The year just ended produced ample evidence that both the level of global carbon emissions and public awareness about the dangers of inaction are headed in the wrong direction. [3 January 2012 | Peter Boyer]
With a brand spanking new 2012 upon us, now is as good a time as any to check our bearings and re-set our priorities.
The year just past has much to tell us. One is that we’re not, essentially, far-sighted and rational. We remain as we’ve always been, firmly rooted in the here and now, motivated much less by abstract knowledge than by gut instinct. That’s not a value judgement; simply a fact.
How else can we explain last year’s retreat of whole societies (including a fair proportion of the Australian community) from a once firmly-held majority belief that greenhouse gas emissions from human activity were changing Earth’s climate?
This at a time when published scientific studies, supported explicitly by all the world’s major scientific academies, continue overwhelmingly to confirm the already solid science behind anthropogenic warming and the increasing urgency of changing how we conduct our lives.
This is sure to bring the indignant response that I’m an elitist out of touch with ordinary people, twisting the facts to suit some sort of perverted ideology.
While I reject this, I have some sympathy for such a view. With life getting more complex by the day, who needs the added complication of human-induced climate change? It’s reassuring to think that people like me are just alarmists or doomsayers.
So what are the facts? 2011 began with global temperature records held in Europe, the US and Japan revealing that 2010 was either the warmest year on record or one of the warmest three years on record, and that the preceding decade had been easily the warmest ever recorded.
Many doubters had felt that the University of California “Berkeley Earth” data project would support the view that global temperatures were cooling, but by April 2011 their expectations were dashed when the project’s leader confirmed that Earth is indeed continuing to get warmer.
A Nature Geoscience paper in December concluded that at least three-quarters of warming over the past six decades was caused by human release of carbon into the air, a factor that the Global Carbon Project revealed had increased by a record amount in 2010.
The year saw a steady ratcheting up of warnings from science about the state of the planet. The prestigious journal Nature reported a survey of leading permafrost specialists from many countries indicating that current thawing of the Arctic tundra would by late this century see the present rate of greenhouse gas release increase many times over.
A November 2011 report by the Hobart-based Antarctic Climate and Ecosystems CRC said a rising level of atmospheric carbon dioxide had caused top-to-bottom warming and increasing acidity in the world’s oceans at a scale and a rate far beyond the normal.
The report says that warmer polar waters are threatening the stability of Antarctic ice sheets, with big implications for sea level rise. It also predicts increasing acidity in ocean waters will reach the point at which some key organisms are unable to form skeletons or shells within a mere 20 years.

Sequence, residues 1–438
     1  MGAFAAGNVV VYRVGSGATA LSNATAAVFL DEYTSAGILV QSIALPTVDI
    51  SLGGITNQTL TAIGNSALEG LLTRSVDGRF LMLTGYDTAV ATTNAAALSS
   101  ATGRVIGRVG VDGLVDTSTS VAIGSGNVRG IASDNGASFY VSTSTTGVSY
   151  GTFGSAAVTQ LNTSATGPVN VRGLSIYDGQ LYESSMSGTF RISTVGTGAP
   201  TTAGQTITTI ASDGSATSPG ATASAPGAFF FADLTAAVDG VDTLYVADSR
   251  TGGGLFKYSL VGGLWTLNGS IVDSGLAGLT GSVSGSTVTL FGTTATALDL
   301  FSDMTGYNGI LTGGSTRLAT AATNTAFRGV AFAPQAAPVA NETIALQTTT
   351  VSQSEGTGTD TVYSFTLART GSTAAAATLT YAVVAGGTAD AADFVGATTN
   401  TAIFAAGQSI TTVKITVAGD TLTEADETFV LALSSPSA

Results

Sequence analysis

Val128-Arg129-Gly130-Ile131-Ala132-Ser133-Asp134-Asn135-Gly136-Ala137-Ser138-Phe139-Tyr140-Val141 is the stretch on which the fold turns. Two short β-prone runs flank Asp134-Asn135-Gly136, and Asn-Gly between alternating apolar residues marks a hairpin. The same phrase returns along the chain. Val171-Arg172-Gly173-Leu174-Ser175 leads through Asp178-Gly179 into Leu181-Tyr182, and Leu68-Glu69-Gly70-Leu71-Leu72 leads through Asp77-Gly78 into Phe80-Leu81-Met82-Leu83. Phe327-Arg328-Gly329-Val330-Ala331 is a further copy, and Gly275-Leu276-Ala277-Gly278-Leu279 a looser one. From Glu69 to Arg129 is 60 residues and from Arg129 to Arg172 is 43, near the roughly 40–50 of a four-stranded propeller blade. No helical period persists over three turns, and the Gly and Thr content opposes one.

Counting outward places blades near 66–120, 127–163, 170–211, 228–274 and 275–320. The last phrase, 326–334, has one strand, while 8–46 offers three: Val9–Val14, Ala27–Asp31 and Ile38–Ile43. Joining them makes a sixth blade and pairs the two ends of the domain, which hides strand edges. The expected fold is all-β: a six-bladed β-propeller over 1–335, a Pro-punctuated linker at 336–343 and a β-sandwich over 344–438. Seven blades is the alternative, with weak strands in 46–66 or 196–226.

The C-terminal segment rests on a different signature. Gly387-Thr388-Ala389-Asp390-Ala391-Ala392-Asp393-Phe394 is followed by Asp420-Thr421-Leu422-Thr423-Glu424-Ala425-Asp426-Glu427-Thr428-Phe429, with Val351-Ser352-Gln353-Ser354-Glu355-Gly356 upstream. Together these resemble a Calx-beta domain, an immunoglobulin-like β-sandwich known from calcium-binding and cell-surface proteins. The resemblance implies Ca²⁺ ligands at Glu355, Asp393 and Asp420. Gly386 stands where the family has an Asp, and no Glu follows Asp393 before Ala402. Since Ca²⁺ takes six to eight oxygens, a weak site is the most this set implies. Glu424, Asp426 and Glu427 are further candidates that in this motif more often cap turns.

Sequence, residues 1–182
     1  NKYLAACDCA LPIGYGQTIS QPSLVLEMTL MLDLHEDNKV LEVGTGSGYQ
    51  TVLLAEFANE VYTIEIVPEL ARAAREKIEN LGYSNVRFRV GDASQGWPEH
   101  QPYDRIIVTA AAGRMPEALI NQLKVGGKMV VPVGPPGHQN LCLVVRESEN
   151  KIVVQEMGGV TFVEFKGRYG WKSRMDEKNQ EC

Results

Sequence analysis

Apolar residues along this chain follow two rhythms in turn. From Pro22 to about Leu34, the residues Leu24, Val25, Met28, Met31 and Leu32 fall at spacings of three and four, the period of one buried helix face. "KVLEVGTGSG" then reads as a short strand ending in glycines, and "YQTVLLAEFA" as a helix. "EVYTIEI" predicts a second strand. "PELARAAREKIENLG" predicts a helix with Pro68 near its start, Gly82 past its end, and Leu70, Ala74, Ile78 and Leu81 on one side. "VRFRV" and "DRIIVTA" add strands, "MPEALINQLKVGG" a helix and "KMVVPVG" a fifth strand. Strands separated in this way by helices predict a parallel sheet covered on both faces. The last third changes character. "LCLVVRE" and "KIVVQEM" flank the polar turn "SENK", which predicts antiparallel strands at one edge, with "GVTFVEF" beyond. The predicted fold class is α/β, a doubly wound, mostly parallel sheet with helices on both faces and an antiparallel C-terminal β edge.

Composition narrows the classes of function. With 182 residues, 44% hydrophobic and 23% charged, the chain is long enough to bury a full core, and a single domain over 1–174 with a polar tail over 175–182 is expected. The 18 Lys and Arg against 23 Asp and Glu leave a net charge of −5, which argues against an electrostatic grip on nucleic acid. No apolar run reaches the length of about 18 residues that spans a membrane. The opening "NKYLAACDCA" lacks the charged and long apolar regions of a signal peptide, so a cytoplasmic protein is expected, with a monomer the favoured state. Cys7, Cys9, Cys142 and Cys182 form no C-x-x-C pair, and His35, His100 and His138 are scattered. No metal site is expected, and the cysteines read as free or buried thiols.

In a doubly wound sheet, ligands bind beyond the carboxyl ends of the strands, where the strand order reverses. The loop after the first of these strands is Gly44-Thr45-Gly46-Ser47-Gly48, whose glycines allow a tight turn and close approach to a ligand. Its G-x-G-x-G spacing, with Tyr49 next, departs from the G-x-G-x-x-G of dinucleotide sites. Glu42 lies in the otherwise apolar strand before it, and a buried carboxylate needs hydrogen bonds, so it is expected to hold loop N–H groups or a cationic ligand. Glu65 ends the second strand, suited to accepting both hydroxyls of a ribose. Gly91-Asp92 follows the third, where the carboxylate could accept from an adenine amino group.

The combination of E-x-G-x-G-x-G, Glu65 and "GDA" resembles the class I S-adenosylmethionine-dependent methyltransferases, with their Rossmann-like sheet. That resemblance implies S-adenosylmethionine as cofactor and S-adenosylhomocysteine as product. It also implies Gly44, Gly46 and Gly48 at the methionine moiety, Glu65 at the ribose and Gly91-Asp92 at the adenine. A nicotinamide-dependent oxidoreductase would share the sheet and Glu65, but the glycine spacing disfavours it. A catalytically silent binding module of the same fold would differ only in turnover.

Then a couple of weeks before Christmas, veteran climate scientist James Hansen told the American Geophysical Union that proposals to delay action on emissions, as envisaged by the Durban climate conference, were “prescriptions for disaster”. He calculates that we need to cut emissions globally by 6 per cent a year starting now, in 2012.
Lacking a credible argument against the overwhelming evidence that we’re in deep trouble, many have chosen to bypass the message and attack the messengers with any mud they can get their hands on.
People like me, they say, are part of a global power grab using mechanisms like the UN climate meetings (a favourite target of Lord Christopher Monckton). The claims would be laughable if this wasn’t so serious, but those feeling the pressures of modern times are a receptive audience.
Stability is important to any society in any age. The insecurity felt by people today is an echo of times past when both authority and people at large felt compelled to attack what they saw as threats to their way of life.
Catholics in the 16th and 17th centuries, whose belief system was founded on a fixed Earth with the sun and all other heavenly bodies revolving around it, treated with derision Nicolaus Copernicus’s 1543 assertion that Earth was just part of a system centred on the sun. Copernicus, a Catholic, escaped censure only because he died before his views were published.
The following century, observations by Johannes Kepler and Galileo Galilei confirmed (with modifications) the Copernican theory, and the Church in its own defence punished Galileo as a heretic.
It’s easy to deride the people who attacked these scientific pioneers for simply reporting what they saw, but we shouldn’t. The reaction of many today to the well-established science behind human-induced warming is little different from that of the Catholic Church of 1543.
Galileo published his argument for a sun-centred universe in 1632; it was another 100 years before the new theory finally became mainstream belief among Catholics. Heaven forbid that it should take as long for us to accept that humans change climate.